United States: Predictive Scheduling Laws: What Are They, Where Do They Exist And Employers' Reaction

Last Updated: September 16 2019
Article by Ari Hersher and Parnian Vafaeenia

Over the past five years, the United States has seen a wave of new laws aimed at providing employees with more predictable work schedules.

These predictive scheduling laws are meant to provide stability to individuals so that they can attend to their child care, health, education and, in many cases, second jobs. Early predictive scheduling laws only applied to retail establishments and restaurants, with limited penalties and no private right of action (i.e. employees could not sue for violations of the law).

However, more recent predictive scheduling laws cover a much broader array of industries, with far more draconian penalties, and allow for employee-initiated class action litigation. While these laws are well intended, they do present significant challenges for employers in terms of staffing, costs, document retention and general compliance.

This is because the laws are fairly new and vary by city. Moreover, these laws often require dramatic departures from historical hiring and scheduling practices. The result is a patchwork of new laws, with limited guiding precedent and substantial penalties for noncompliance. Employers would do well to heed these new laws and take appropriate steps to ensure compliance.

Where Are These Laws?

Many jurisdictions have considered, or are considering, passing predictive scheduling laws. So far, two states — Vermont and Oregon — and eight municipalities — San Francisco, Berkeley, Emeryville, San Jose, Seattle, New York, Chicago and Philadelphia — have passed laws. The laws in these jurisdictions are similar but different enough to discourage employers from creating companywide policies and procedures for compliance.

Though most laws require employers to pay their employees predictability pay when their schedules are changed without advanced notice, many laws contain different requirements regarding the amount of predictability pay owed, as well as exceptions to predictability pay entitlement. Accordingly, the differences in predictive scheduling laws not only require different scheduling policies, they require tailored and distinct payroll practices as well. Failure to properly pay employees under predictability pay rules can create federal and state wage and hour exposure as well.

What Do These Laws Require?

While predictive scheduling laws from many of the jurisdictions contain several nuanced differences, there are general requirements that are common to many of them.

  • Advanced notice of work schedule.
  • A written estimate of each employee's anticipated work schedule (at the time of hire).
  • Predictability pay in the absence of sufficient advanced notice of work schedule.
  • Exceptions to eligibility for predictability pay.
  • A right to rest requirement (i.e. a sufficient break between two shifts), as well as amplified pay for close-in-time work shifts.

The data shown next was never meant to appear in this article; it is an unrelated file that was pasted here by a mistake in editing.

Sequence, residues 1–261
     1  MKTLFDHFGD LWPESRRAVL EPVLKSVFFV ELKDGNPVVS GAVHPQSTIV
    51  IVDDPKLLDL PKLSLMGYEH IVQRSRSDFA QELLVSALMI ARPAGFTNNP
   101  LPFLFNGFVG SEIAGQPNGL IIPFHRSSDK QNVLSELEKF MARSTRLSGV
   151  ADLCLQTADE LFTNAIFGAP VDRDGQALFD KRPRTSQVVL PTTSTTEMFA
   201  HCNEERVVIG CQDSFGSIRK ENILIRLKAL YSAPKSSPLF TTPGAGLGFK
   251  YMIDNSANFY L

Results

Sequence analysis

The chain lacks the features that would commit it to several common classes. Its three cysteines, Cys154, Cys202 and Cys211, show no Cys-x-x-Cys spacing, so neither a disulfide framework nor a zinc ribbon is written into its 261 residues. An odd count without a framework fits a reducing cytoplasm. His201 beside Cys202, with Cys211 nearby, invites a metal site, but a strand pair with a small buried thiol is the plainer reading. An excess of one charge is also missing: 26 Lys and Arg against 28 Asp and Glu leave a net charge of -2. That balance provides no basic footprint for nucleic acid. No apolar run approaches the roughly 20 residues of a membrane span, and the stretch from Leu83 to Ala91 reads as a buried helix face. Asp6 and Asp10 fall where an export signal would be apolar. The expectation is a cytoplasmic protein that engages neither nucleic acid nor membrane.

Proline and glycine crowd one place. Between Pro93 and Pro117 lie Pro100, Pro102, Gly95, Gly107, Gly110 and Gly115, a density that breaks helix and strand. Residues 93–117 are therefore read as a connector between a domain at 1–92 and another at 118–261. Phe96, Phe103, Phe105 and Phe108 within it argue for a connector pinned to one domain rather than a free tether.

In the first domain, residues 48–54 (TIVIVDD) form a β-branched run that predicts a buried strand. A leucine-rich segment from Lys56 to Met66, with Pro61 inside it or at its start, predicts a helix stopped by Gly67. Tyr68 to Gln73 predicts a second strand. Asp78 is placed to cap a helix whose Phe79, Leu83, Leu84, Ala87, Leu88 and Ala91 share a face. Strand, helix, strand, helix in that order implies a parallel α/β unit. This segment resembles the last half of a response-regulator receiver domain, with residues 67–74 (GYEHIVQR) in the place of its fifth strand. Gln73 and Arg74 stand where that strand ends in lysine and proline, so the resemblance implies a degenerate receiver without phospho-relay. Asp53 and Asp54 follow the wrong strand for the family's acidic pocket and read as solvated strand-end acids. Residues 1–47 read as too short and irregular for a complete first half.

• Offers of additional hours to current, part-time employees before hiring a new employee.
  • Posting requirements.
  • Stringent documentation and document retention requirements. This generally includes work schedules, written scheduling estimates, documents evidencing predictability pay, and documents related to offers of additional hours.

Though not common, some jurisdictions, such as Seattle and Philadelphia, also encourage employers to engage in the "interactive process" with employees who request a modification to their work schedules. Notably, this idea of an "interactive scheduling process" is a new trend that may expand and present additional managerial burdens for employers.

What Should Employers Be Doing?

  1. Determine applicability. Employers operating in a jurisdiction with a predictive scheduling law in place should first determine whether they qualify as a "covered employer" under the applicable law. While many laws only apply to certain employers in the restaurant and retail industries, other laws have a more expansive definition of "covered employer."
  2. Create policies and forms. Once an employer determines that it is covered, it should develop policies and forms tailored to each applicable law. Sample forms that would be helpful to have on hand include, but are not limited to, a notice of change in work schedule, a notice of offer of additional hours, an estimate of work schedule and hours, and a template work schedule. Additionally, employers should consider maintaining working checklists that managers can use to ensure compliance.
  3. Train managers. Once the policies and forms are prepared, employers should train their managers on the applicable laws, as they will largely be responsible for facilitating and documenting compliance.
  4. Ensure proper data maintenance. Because compliance with predictive scheduling laws requires retention of a high volume of documents, employers should ensure they have proper mechanisms in place for storing documents and data.
  5. Audit for compliance. In order to ensure compliance with any applicable predictive scheduling laws, employers should periodically conduct internal audits to ensure policies are being followed and documents retained.
  6. Use technology to predict staffing needs. In order to avoid predictability pay, employers may want to utilize technology and data analytics to anticipate future staffing needs. Setting schedules based on reliable data may decrease the need for unanticipated scheduling changes and thus reduce the likelihood of predictability pay.

Originally Publish by Workforce

The content of this article is intended to provide a general guide to the subject matter. Specialist advice should be sought about your specific circumstances.

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